How likely are coyotes inside a fenced yard during daytime?

Discussion in 'Predators and Pests' started by mpghm, May 10, 2014.

  1. mpghm

    mpghm In the Brooder

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    We have a 6ft fence around the yard, it's in a suburban area, but faces a greenbelt. We know there are coyotes there, we often hear them at night, sometimes daytime too (they will howl when there is an ambulance/firetruck going by).

    Today we spotted a couple wandering around the street, and prompted some doubts about our chicken plans (poor timing as I just completed the coop and purchased feed and litter)

    I know chickens will attract coyotes, and I can protect the chickens against that (or just deal with any loss). Our main worry is that we could have coyotes coming into our yard while our 3 year old is out there (we would usually be in the yard, or monitoring from a window, but can't always be in close range), and be hurt by a hungry animal.

    How likely is this? What can be done to minimize the risk of animals inside the yard during the day?
     
  2. RiddleMe

    RiddleMe Songster

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    Do you have a dog? If not, you will want to do daily "perimeter patrols" to make sure you don't see any signs of their attempting to dig under your fence, especially if you have any plans of free ranging. Also, consider lining the interior of your fence with rocks, makes it so if they try to dig under, the rock will roll into the hole making it harder for them to succeed. Or of possible, run an electric fence wire near the top and bottom on the outside of your fence. I live in a slightly less populated situation, minimum lot size is 1 acre, mine is 5 1/2 with 6' perimeter fencing and 1 1/2 acres cross fenced as a dedicated free range area. While I had my dog, I never had a coyote attempt to come inside the fence line, but after he passed away, they dug under the perimeter fence twice and took birds while they were out free ranging. They picked areas to dig under that weren't in direct line of sight from the house but also weren't the farthest from the house. I lined a good portion of my fence with 6"-12" diameter rocks (started in the areas they were digging under then worked out from there as the muscles allowed) and also changed up my free range times, which seemed to resolve the issue. And we now have another dog and I haven't had any issues since. In the evenings, after the birds are locked up, I just let her roam the free range area, I'm sure they can smell her and it's probably not worth the possible fight when there is other prey in the area. We back up to BLM land so lots of wild rabbits and such for them to eat.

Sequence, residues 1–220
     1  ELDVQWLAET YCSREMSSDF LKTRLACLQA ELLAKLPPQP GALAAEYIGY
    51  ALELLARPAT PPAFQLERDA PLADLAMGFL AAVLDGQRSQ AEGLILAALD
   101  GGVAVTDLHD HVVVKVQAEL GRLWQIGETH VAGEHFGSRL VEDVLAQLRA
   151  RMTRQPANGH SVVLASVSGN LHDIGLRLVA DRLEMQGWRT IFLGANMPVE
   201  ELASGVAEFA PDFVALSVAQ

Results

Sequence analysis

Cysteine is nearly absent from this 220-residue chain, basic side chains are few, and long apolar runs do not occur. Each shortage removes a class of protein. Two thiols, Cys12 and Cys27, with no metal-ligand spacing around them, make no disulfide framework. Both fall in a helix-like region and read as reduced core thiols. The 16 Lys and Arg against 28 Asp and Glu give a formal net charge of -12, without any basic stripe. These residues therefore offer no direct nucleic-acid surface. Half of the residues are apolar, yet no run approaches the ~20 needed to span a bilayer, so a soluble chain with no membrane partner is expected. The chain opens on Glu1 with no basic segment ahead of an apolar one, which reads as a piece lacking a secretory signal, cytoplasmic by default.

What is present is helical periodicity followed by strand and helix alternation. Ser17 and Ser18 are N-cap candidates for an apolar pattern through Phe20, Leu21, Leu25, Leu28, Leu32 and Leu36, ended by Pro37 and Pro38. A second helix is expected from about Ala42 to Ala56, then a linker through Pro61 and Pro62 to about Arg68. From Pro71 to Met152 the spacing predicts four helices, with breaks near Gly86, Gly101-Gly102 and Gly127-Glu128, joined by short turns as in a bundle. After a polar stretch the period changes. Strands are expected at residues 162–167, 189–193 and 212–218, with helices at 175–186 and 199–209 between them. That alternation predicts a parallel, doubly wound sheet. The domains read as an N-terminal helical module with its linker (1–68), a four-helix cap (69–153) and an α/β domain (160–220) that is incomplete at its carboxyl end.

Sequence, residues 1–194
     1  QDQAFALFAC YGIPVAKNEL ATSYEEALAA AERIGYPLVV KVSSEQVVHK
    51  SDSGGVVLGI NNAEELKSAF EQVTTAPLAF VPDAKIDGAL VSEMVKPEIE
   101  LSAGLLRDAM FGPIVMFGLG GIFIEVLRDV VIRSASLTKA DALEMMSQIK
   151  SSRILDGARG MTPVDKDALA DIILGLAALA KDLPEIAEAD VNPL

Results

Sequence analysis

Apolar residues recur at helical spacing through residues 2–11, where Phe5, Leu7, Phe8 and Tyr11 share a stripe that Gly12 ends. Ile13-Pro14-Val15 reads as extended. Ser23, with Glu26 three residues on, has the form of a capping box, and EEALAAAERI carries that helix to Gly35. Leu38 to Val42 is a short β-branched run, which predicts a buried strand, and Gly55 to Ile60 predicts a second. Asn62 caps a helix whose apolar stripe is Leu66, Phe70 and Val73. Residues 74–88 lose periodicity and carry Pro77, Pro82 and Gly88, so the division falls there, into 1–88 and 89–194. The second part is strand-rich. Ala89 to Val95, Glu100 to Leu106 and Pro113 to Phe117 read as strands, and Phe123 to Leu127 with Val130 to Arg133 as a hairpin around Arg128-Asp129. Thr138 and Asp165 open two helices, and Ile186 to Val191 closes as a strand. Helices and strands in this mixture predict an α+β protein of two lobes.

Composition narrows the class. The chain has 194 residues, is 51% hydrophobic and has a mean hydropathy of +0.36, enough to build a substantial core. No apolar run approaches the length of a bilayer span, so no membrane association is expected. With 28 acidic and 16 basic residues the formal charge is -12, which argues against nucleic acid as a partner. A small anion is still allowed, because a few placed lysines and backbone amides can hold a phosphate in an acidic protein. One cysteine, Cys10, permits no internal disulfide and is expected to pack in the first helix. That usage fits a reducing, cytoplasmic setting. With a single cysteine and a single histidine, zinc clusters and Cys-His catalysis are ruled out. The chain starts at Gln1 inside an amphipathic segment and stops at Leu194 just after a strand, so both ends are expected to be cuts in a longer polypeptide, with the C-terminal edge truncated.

3. centrarchid

    centrarchid Free Ranging

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    In an urban setting the coyotes will be coming from other than the green belt also. Fencing will not stop them, dog might as indicated. I would confine birds except when you are out with them and promptly drive off coyotes when they visit. If they are strongly habituated to humans then they may still hunt your birds under your nose. Then a dog would be reguired > 60 lbs that is also trained to be around chickens.
     
  4. I have never had problems form Coyotes fox bob-cats domestic animals yes and now I have a 6 foot fence all around the property but there was a time we had a 4 foot fence for many years and nerve a problem out of a coyote and yes they would stop and watch my geese for the longest amount of time ....
     
    Last edited: May 12, 2014